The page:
- We Printed their plan and cross off names of rooms and adjusted some things and then I put a blank white piece of paper over the plans that had tons of markings to redraw an adjusted floor plan off of the original. This was much easier to read and as tedious as this step seems it was really helpful.
- We then had the original link to the floor plan and our drawing to give to the builder. (Kristin also made a design powerpoint to help them understand the vibes/feel for the house… but more on that later).
- Other Floor Plan Websites (if you have other favorites – comment below and I’ll link them up)
- How we completed this step:
- Fifth, with every interaction with your builder and architect make sure you leave conversations with action steps for them and yourselves and tentative due dates. Even if the date needs to be extended at least you have a date to check in, stay accountable, and be on top of the process.
- Sixth, When they send you revisions, print them off and draw right on the paper copy, take a picture of the edits you make (notes app allows you to scan) and send them back to the builder/architect promptly so that they can continue to work on your project.
- Seventh, Use pinterest and instagram to get inspiration then go out and find products that you’d like. Google slides has become our best friend to visually keep our ideas in one place. We use google sheets for our pricing (more on that later) but this will keep you feeling organized and the more organized you are in this process the better.
- Eighth, Start to think about exterior elevation (exterior look of the home). This typically comes after you’ve worked with the builder and architect on the floorplan and you come to agreement on the rooms/dimensions. But if you can get this part envisioned early it can help move you along in the process. Pictures can be really helpful to use to explain your thoughts. Be sure when you use pictures though that you make sure you mark what on the picture you want them to focus in on. You may like parts of the picture but others you don’t – so be specific. They want it to be custom for you which means that you have to be as clear as possible with what you want. We chose to have a brick skirt for our crawl space elevation, and used siding and board and batten. We had to change some things with our exterior when we had our jack and jill space plumbed for a bathroom to adjust the windows to be smaller.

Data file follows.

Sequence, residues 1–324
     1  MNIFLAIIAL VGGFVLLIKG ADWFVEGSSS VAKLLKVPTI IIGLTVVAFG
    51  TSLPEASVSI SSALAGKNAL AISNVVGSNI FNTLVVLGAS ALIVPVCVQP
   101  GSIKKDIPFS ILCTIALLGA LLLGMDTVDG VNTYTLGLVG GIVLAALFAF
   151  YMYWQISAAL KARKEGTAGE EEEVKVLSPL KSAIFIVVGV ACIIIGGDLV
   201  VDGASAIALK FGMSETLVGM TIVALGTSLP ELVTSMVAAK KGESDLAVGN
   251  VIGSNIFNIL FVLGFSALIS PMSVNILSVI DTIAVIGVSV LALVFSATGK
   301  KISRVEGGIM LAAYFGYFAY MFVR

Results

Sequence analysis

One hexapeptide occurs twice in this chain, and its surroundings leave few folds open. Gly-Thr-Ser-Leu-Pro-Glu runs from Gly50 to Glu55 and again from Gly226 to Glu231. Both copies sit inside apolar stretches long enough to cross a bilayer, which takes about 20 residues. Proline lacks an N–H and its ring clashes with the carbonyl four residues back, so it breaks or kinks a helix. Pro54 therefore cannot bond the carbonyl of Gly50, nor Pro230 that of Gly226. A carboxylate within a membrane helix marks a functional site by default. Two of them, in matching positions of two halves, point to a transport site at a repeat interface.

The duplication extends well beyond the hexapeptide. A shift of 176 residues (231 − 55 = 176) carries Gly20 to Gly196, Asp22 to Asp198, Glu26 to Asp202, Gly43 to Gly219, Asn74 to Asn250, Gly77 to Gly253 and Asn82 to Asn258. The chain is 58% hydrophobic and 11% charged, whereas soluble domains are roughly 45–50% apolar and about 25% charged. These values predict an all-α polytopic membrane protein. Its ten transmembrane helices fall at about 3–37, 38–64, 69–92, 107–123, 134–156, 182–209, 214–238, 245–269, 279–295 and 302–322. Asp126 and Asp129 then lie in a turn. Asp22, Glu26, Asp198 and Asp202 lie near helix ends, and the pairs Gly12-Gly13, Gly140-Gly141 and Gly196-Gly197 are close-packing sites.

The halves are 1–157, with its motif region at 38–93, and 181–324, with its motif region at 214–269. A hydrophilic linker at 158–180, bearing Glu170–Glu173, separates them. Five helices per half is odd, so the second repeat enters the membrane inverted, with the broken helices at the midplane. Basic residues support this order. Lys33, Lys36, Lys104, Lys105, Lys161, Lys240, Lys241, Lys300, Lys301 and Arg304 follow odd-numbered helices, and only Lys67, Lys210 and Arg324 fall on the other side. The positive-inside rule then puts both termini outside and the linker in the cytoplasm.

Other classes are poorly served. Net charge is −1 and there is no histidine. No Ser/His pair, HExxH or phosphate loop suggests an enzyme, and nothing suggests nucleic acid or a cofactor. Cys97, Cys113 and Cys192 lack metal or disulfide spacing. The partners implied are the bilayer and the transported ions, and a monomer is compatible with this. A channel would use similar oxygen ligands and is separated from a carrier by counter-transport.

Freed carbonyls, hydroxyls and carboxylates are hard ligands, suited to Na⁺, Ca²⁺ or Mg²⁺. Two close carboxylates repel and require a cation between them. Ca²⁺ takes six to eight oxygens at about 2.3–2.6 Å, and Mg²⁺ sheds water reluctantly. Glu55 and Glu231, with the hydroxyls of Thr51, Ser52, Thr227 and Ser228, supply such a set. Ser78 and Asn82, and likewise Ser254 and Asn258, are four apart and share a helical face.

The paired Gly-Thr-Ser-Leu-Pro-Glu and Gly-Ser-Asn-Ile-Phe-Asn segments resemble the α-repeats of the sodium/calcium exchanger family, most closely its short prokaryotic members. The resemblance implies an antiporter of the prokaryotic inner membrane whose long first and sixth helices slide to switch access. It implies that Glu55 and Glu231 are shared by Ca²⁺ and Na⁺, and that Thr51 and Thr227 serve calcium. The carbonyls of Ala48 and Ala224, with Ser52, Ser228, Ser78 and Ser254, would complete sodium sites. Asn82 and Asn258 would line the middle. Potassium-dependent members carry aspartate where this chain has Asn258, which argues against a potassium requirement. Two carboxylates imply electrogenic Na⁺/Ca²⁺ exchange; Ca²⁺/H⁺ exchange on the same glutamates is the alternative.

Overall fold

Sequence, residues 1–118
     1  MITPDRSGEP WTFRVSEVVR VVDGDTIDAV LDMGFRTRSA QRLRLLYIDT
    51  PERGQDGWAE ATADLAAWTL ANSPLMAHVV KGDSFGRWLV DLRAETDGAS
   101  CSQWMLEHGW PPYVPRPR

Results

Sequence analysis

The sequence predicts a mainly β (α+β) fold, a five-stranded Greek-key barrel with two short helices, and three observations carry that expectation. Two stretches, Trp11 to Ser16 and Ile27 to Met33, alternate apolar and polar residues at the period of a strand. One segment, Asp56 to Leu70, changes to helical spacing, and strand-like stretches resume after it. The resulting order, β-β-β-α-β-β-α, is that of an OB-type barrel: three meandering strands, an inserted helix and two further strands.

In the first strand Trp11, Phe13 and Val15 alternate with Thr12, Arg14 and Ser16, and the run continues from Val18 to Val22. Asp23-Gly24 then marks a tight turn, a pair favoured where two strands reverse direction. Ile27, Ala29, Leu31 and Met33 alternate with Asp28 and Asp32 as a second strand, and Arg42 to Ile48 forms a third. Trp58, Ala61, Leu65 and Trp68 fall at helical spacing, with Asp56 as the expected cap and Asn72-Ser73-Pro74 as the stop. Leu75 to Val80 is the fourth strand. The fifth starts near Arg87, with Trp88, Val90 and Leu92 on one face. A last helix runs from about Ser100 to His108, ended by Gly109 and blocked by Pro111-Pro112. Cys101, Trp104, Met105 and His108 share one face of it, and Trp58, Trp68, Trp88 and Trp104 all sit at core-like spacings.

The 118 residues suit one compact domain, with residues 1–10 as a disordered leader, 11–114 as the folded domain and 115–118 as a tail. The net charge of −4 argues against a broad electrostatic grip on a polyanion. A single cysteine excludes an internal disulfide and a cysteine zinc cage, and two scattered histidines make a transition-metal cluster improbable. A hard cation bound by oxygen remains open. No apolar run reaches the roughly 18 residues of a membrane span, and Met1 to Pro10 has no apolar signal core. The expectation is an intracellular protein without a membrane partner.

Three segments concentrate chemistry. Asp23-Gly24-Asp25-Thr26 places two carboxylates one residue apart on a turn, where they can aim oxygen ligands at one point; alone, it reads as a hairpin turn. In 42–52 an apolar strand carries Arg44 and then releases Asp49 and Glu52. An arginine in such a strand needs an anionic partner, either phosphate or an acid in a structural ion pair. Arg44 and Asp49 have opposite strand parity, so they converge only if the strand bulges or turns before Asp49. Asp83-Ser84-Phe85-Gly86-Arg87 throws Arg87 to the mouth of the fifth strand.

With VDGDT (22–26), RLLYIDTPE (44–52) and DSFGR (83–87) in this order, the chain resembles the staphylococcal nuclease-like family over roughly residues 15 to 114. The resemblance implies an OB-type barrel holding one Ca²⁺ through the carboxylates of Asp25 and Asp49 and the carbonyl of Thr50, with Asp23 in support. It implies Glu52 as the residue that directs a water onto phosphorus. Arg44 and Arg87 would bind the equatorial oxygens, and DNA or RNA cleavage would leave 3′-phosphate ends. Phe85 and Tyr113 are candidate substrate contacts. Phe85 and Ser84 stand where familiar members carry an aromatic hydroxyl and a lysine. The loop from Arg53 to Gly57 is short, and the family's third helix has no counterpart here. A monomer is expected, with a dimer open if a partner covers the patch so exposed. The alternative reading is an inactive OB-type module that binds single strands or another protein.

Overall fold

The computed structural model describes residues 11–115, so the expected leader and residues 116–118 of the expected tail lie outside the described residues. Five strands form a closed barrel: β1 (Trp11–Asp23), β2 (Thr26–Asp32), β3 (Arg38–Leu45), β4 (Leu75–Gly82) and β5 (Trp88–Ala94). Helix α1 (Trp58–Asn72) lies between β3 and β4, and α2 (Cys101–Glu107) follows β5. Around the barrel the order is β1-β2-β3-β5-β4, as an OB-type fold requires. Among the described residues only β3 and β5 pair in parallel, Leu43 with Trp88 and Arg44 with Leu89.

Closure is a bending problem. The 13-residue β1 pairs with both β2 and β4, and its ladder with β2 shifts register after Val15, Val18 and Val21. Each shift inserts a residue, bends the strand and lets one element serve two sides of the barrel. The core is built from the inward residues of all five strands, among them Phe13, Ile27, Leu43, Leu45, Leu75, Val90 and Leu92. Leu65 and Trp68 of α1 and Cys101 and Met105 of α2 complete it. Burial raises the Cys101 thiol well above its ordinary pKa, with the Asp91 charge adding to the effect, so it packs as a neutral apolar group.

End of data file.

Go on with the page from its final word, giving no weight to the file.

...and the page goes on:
- Ninth, lighting will also be a part of the drafting process. This comes after the exterior elevation typically and allows for you to make decisions on where you want lights for your home. Look over this carefully and take some time. We adjusted to add a few more lights to our front porch and a few more ceiling fans. Your plans at this point may look a little more complex but it’s getting exciting at this point and you’re almost to your final plans!
- Tenth, don’t be afraid to change something that you’ve already thought that you decided on in the planning process. This is your future home. It’s best to make changes early so while you may not want to inconvenience anyone remember you’re paying for this home and it’s easier to do it on the front end. Sometimes you also don’t notice something you want to change until you get the plans back and can see it visually so really take time when you go over the edits they make.
- BONUS: Keep a google folder with every revision (etc.) so that you have them for your records. You can also choose to print them and keep them in a binder but we like to keep track of where we started and where we ended up!
Overall our drafting process has been about a month and a half. Some people spend many many months on this process so please don’t assume our situation as your own. If you’ve talked for a long time about what you’re wanting in a home then, this process may run as smoothly as ours did but it may be something that you want to take a few months to really design. For us, our initial builder meeting was March 3rd, we closed on our lot April 1st, and now we’re writing this mid April, having sent off our final edits April 16th. We’re on to our next steps and can’t wait to share more about what we’re learning in this process in hopes to help others navigate the unknowns.
What was the most helpful tip above?
Have additional suggestions? We’d love to hear from you in the comments.